KiwiSaver providers’ $480m fees under FMA scrutiny

KiwiSaver providers will have to justify the swelling size of the fees they charge investors, as the financial regulator cracks down.

The Financial Markets Authority's (FMA's) annual review of KiwiSaver found providers collected 15 percent more in fees in the year ended March, totalling $480 million.

FMA head of regulation Liam Mason said the FMA was concerned about a lack of reduction in fees, so it would act.

"Over the coming year, we will be asking KiwiSaver providers to demonstrate how they are providing value for money for members.

This includes explaining investment styles and how higher fees are justified for services such as active fund management or responsible investment strategies.

"We are concerned that the benefits of scale, at least for the larger providers, are not being passed on to investors," Mason said.

An independent report commissioned by the FMA, found fees were higher than a similar retirement saving scheme in the United Kingdom.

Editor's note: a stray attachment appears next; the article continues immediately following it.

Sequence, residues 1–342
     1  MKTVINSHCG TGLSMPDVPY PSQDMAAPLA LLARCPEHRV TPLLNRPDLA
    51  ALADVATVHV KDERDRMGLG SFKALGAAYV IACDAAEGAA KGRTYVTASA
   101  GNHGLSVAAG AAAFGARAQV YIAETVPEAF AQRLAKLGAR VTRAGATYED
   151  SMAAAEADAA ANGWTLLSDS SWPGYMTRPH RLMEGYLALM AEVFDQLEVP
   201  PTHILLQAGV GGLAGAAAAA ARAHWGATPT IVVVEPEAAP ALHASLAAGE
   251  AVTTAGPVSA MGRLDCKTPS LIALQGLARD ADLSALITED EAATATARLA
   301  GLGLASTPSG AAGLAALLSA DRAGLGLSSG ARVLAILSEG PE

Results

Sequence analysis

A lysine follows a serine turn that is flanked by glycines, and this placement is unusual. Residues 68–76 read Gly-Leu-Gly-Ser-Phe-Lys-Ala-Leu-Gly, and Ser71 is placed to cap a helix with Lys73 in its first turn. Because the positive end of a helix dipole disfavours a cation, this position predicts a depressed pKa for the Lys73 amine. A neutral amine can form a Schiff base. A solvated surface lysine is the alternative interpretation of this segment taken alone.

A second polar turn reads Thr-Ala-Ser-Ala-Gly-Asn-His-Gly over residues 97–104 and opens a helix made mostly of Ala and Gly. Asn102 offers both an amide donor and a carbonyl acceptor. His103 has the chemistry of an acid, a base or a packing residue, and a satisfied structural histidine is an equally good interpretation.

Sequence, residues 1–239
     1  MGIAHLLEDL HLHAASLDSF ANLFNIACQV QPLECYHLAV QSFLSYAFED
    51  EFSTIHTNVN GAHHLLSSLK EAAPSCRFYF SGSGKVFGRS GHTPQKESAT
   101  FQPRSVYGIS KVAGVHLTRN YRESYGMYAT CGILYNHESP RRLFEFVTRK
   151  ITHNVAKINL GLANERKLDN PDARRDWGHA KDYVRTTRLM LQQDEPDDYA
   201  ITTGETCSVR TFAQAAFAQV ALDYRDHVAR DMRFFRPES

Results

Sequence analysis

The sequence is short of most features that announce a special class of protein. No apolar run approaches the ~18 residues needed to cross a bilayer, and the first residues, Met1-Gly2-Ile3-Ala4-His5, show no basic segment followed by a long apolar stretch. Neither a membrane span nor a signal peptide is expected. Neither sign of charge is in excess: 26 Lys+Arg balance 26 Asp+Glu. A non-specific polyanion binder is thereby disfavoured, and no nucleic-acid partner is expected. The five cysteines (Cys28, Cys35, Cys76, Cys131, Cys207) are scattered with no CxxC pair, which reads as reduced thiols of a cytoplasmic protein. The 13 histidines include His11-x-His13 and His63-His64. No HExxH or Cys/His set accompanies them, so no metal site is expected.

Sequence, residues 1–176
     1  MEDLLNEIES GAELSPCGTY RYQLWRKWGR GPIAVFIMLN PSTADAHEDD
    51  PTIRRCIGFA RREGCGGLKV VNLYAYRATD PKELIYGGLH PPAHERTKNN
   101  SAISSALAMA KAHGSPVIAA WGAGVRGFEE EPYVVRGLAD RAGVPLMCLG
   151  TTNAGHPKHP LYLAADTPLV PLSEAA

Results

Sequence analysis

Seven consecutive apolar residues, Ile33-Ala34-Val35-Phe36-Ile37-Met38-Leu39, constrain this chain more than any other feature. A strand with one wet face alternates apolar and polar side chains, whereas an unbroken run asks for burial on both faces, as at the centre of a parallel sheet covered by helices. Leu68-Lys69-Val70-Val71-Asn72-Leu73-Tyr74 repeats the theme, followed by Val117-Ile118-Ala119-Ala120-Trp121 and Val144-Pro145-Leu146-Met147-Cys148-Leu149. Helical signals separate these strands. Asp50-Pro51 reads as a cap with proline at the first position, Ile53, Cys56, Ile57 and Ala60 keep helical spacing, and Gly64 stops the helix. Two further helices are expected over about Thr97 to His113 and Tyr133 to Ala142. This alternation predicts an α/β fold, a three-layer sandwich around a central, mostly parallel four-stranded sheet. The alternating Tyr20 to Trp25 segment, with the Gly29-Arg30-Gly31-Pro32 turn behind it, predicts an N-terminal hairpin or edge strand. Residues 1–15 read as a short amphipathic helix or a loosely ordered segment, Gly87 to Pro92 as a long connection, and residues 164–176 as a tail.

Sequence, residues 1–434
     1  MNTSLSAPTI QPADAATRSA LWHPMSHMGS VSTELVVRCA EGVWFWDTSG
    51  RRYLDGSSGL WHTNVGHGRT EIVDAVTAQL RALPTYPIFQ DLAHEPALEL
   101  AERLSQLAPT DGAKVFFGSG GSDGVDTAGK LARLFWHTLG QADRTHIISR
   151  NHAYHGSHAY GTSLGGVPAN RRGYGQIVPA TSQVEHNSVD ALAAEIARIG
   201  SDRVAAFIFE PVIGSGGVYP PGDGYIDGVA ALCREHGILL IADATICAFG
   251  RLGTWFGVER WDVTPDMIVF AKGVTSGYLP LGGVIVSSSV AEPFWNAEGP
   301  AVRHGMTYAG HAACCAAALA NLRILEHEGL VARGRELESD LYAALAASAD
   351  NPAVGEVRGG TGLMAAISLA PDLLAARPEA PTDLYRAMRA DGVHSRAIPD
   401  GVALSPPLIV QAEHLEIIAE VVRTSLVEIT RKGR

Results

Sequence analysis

"[This] warrants further investigation to better understand this outcome and ... attempt to understand the drivers of the difference," the report by consulting firm Melville Jessup Weaver says.

Meanwhile, the number of people contributing to KiwiSaver rose 3 percent in the year to 2.9m, increasing total funds by 17 percent to $57 billion.

Higher returns contributed to growth, offsetting record withdrawals from retirees.

The amount withdrawn by first home buyers also increased, as did the number pulling their funds for hardship reasons.

This article was originally published on RNZ and re-published with permission.

Help us create a sustainable future for independent local journalism

As New Zealand moves from crisis to recovery mode the need to support local industry has been brought into sharp relief.

As our journalists work to ask the hard questions about our recovery, we also look to you, our readers for support. Reader donations are critical to what we do. If you can help us, please click the button to ensure we can continue to provide quality independent journalism you can trust.


Newsroom does not allow comments directly on this website. We invite all readers who wish to discuss a story or leave a comment to visit us on Twitter or Facebook. We also welcome your news tips and feedback via email: Thank you.

With thanks to our partners